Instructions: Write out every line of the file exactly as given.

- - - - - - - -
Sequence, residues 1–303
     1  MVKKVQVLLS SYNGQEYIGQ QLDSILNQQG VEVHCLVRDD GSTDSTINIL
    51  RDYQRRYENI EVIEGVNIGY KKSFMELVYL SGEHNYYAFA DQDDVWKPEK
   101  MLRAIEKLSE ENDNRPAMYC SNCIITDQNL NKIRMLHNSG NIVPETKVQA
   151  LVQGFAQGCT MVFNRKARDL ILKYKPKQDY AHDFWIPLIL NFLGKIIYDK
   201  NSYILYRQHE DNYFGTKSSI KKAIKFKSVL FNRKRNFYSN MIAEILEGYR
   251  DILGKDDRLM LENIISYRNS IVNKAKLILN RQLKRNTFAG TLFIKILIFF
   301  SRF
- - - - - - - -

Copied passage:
Sequence, residues 1–303
     1  MVKKVQVLLS SYNGQEYIGQ QLDSILNQQG VEVHCLVRDD GSTDSTINIL
    51  RDYQRRYENI EVIEGVNIGY KKSFMELVYL SGEHNYYAFA DQDDVWKPEK
   101  MLRAIEKLSE ENDNRPAMYC SNCIITDQNL NKIRMLHNSG NIVPETKVQA
   151  LVQGFAQGCT MVFNRKARDL ILKYKPKQDY AHDFWIPLIL NFLGKIIYDK
   201  NSYILYRQHE DNYFGTKSSI KKAIKFKSVL FNRKRNFYSN MIAEILEGYR
   251  DILGKDDRLM LENIISYRNS IVNKAKLILN RQLKRNTFAG TLFIKILIFF
   301  SRF